Location: Bordeaux, France
Laboratory: Bordeaux Bioinformatics Center (CBiB) 
Address: CBiB 146 Rue Léo Saignat 33076 Bordeaux Cedex

Description:

Cystic fibrosis is the most common serious genetic disease and affects nearly 7000 people in France. It is the consequence of mutations of the CFTR gene, coding for a protein involved in the fluid-electrolyte balance of secretions. The most common mutation is the DeltaF508 mutation (40% of patients in the homozygous state and 60% in the heterozygous state). Mutated, the CFTR protein will be responsible for an accumulation of dehydrated and viscous secretions in the organs, including the lungs. Disturbances of the bacterial and fungal microbiota (mycobiota) occur throughout the disease and are accompanied by chronic colonization with different pathogens. Chronic colonization with Pseudomonas aeruginosa marks, in particular, an evolutionary turn of the disease and is associated with a deterioration of the respiratory function. In recent years, protein therapies have developed, directly targeting defects in the CFTR protein. However, the impact of this treatment on the pulmonary microbiota and mycobiota has not yet been studied. Our hypothesis is that the restoration, even partial, of the functionality of the CFTR protein under lumacaftor / ivacaftor allows an improvement of the hydration of the secretion and the mucociliary clearance; and should result in reduction / eradication of specific bacterial and / or fungal pathogens (such as P. aeruginosa, A. fumigatus, Candida albicans, ...).

The project proposal for a Master 2 internship aims at developing, under the supervision of  bioinformaticians and clinicians approaches for the analysis of microbiome and mycobiome data collected from pulmonary samples. The main objective of this observational study of CF patients under the LUMACAFTOR-IVACAFTOR treatment is to show that even partial changes in the hydration of pulmonary secretions (mucus) promote a change in pulmonary microbiota and mycobiota, which could then to approach the characteristics of the microbiota "healthy type" (with in particular a decrease of specific pathogens cited previously. Furthermore, analytical approaches will be developed: (i) to study the effect at 6 months of treatment with lumacaftor / ivacaftor on pulmonary inflammation (evaluated by the measurement of pulmonary calprotectin); (ii) to study the co-evolution under lumacaftor / ivacaftor of inflammation and microbiota (bacterial and fungal) at the pulmonary level;(iii) to study the evolution over time of bacterial and fungal microbial community (alpha and betadiversity); Analysis of bacteria / fungi / clinical data networks and comparison of different bacterial and fungal assignment pipelines (cf Pauvert et al., Fungal Ecology, 2019), will also be included.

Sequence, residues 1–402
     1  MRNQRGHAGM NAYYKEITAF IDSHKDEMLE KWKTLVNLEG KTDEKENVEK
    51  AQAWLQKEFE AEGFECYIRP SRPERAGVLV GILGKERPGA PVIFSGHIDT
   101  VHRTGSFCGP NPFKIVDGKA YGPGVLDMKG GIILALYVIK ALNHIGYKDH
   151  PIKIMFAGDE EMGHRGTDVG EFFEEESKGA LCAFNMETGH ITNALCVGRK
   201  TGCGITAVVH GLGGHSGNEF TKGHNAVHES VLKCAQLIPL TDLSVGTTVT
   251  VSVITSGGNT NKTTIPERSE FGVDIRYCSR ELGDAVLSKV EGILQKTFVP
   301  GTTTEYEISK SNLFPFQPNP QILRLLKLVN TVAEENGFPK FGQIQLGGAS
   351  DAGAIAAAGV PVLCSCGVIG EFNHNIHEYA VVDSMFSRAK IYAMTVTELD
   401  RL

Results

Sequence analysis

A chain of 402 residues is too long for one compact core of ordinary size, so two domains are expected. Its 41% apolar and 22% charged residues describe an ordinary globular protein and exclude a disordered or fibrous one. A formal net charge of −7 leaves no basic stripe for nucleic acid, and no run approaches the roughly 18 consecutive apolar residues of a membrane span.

Skills needed :

The expected MSc candidate will justify training in bioinformatics and be familiar with a Linux environment. The development will be mainly in R for the statistical parts and visualizations, and Python and Bash for the workflow part. Knowledge of the main types of genomic and genetic data would be desirable. The candidate will benefit from an interdisciplinary environment, including biologists, clinicians, computer scientists and bioinformaticians.

CONTACTS:

Macha Nikolski - macha.nikolski@u-bordeaux.fr

Benjamin Dartigues- benjamin.dartigues@u-bordeaux.fr

Laurence Delhaes - laurence.delhaes@gmail.com 

Raphael Enaud - raphael_enaud@yahoo.fr